• U.S. CCDB data shows that cocaine flows through Venezuela have fallen since peaking in 2017. According to CCDB data, the amount of cocaine flowing through Venezuela fell 13 percent from 2017 to 2018, and appeared to continue to fall slightly through mid-2019.
  • A peaceful, negotiated, and orderly transition offers the best chance of allowing the reforms needed to address organized crime, drug trafficking, and corruption in Venezuela. The 2009 military coup d’etat and resulting turmoil in Honduras provides a cautionary tale for U.S. policymakers who see intervention or collapse as the best route for a return to democracy in Venezuela.

(Source: 2018 DEA Threat Assessment)

Drug trafficking is just one of the illicit economies running through the Venezuelan state. We focus on the illicit drug market here because of the availability of relatively good data. Sober analysis must be carried out on corruption in state food distribution and government contracts, as well as the growing trade in illicit gold and other minerals, in order to properly assess the size and importance of these illicit economies. Whatever the case, their existence only underlines the necessity of avoiding a disorderly, conflicted change in power.

With this in mind, we make four key recommendations for U.S. policymakers in this report:

  • U.S. officials should devise and communicate a more flexible sanctions regime that incentivizes a negotiated electoral solution in Venezuela, which remains the most viable way to build state capacity against organized crime and corruption in the country. The U.S. government can and should offer Nicolas Maduro relief from financial and oil sanctions in parallel with agreements to conduct internationally-observed credible presidential elections, rather than insisting on Maduro’s resignation as a precondition—a demand which stymied negotiations in 2019.
  • U.S. officials and Members of Congress should refrain from threatening a “military option” or pushing for an eventual collapse of the Maduro government under ever-harsher economic sanctions. Both strategies would impose profound hardships on the Venezuelan people, and would be detrimental to Venezuela’s neighbors as well as to U.S. interests. The presence of Colombian guerrilla groups and other pro-Maduro armed actors in Venezuela suggest that a “collapse” scenario would be chaotic and unpredictable, and any foreign military occupation would meet prolonged, violent resistance. It is very likely that both scenarios would see the continued growth of ungoverned spaces and illicit activity in Venezuela’s interior.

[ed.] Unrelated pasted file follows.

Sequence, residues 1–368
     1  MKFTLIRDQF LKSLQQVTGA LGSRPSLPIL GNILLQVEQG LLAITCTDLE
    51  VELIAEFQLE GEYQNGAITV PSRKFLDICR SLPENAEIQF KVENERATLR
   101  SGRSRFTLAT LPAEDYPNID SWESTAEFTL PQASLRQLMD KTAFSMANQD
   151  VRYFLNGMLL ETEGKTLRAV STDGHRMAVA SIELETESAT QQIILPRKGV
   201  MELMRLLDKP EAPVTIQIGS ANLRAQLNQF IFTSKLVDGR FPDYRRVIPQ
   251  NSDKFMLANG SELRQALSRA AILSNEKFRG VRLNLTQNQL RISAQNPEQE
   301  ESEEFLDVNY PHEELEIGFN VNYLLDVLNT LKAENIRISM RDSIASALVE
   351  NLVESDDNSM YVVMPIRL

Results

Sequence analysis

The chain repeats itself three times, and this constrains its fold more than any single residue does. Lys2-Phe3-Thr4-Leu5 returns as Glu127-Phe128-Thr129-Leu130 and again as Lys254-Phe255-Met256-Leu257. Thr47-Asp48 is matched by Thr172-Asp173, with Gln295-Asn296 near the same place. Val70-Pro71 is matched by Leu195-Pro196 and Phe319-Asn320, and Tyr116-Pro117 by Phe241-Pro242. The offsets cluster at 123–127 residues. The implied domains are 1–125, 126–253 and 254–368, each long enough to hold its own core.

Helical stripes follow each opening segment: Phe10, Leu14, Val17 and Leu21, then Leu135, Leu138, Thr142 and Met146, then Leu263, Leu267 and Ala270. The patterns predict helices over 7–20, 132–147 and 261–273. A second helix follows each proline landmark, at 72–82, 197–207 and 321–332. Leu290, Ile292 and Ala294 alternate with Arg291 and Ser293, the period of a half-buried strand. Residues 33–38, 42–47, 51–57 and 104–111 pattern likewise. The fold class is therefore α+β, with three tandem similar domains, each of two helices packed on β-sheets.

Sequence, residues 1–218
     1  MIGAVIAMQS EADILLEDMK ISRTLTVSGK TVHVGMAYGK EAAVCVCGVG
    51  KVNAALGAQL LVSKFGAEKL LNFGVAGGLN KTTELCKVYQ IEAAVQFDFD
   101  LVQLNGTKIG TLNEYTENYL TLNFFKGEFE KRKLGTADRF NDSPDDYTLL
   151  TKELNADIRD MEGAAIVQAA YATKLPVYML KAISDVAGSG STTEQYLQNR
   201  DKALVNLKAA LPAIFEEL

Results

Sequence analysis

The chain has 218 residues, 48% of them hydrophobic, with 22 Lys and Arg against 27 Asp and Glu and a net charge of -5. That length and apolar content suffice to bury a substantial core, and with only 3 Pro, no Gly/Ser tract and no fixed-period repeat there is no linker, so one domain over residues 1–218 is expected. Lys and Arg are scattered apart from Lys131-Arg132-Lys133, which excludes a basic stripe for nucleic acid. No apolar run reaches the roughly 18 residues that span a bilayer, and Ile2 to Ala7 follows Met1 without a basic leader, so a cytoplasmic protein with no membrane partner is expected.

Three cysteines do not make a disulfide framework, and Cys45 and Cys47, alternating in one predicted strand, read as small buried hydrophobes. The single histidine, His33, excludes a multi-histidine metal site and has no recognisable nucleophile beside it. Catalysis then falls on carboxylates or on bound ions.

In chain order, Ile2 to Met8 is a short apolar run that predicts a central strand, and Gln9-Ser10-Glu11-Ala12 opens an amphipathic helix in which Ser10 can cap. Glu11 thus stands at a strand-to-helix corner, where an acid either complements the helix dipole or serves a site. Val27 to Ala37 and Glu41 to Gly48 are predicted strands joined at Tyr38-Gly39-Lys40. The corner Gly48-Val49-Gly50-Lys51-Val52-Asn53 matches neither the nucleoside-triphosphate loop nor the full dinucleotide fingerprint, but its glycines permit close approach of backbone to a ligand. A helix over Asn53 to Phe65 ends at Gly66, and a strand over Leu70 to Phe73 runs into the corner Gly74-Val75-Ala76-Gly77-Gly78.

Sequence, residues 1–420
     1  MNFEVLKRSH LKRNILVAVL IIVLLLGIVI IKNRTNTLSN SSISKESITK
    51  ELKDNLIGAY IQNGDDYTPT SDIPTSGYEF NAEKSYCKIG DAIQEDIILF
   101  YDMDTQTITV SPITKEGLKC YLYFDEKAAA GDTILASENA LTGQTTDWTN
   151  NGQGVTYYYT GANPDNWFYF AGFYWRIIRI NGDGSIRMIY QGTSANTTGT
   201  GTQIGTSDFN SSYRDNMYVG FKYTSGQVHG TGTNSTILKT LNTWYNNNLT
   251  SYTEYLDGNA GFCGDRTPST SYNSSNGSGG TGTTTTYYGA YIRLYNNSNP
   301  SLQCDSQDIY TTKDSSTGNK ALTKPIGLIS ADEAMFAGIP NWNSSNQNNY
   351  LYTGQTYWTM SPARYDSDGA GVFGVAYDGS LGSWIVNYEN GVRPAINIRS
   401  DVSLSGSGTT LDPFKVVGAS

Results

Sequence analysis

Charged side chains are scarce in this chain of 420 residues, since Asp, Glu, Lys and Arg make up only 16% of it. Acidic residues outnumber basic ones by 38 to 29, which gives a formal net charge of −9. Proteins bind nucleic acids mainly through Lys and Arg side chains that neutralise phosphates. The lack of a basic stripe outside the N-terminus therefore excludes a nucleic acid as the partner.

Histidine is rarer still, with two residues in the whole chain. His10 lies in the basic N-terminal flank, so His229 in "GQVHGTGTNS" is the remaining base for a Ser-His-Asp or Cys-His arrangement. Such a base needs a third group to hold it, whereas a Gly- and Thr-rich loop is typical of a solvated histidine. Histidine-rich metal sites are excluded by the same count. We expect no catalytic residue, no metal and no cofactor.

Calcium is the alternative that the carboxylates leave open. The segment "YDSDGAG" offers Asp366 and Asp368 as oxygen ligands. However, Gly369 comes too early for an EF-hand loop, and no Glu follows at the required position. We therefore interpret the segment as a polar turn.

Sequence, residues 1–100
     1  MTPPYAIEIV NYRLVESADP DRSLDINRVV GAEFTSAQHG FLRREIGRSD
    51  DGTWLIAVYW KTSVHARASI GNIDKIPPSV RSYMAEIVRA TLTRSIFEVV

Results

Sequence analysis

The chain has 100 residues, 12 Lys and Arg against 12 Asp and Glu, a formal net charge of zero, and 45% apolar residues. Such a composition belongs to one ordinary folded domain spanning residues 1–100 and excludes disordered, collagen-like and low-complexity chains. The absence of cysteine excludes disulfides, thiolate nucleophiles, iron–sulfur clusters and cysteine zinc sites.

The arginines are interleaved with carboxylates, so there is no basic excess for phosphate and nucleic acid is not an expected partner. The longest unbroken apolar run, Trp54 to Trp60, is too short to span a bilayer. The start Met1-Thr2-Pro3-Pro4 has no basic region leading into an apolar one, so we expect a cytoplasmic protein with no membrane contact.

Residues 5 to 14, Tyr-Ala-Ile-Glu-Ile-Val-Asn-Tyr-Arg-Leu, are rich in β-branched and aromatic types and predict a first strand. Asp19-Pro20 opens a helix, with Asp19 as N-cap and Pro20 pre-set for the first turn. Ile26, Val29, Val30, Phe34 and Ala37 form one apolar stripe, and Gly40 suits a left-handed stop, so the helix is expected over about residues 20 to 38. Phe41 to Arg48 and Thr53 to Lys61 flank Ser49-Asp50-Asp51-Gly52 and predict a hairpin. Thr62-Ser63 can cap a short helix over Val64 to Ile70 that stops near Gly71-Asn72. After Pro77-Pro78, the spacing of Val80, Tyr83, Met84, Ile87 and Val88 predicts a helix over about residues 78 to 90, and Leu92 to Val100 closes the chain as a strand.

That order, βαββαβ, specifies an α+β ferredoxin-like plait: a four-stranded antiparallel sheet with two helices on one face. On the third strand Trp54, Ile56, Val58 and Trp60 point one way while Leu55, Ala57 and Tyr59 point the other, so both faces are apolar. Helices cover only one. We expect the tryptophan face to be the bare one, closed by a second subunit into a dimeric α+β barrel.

• The U.S. government does not have to wait until after a transition to address corruption in Venezuela. U.S. officials and Members of Congress should encourage a culture of transparency and accountability from Venezuela’s National Assembly. While United States Agency for International Development (USAID) funds are not directly managed by the National Assembly, USAID does support compensation, travel costs, and other expenses to its members. Given credible allegations of corruption against some National Assembly members, USAID should ensure that National Assembly President Juan Guaidó and his team insist on full transparency in the allocation of these funds.
  • U.S. officials and Members of Congress should encourage Colombian authorities to implement a sustainable approach to containing and reducing coca cultivation and cocaine production by emphasizing rural development. By fully implementing the historic 2016 peace accords, the Colombian government could commit to the best long-term strategy for coca crop reduction: building a functioning civilian state presence in areas worst affected by the country’s armed conflict.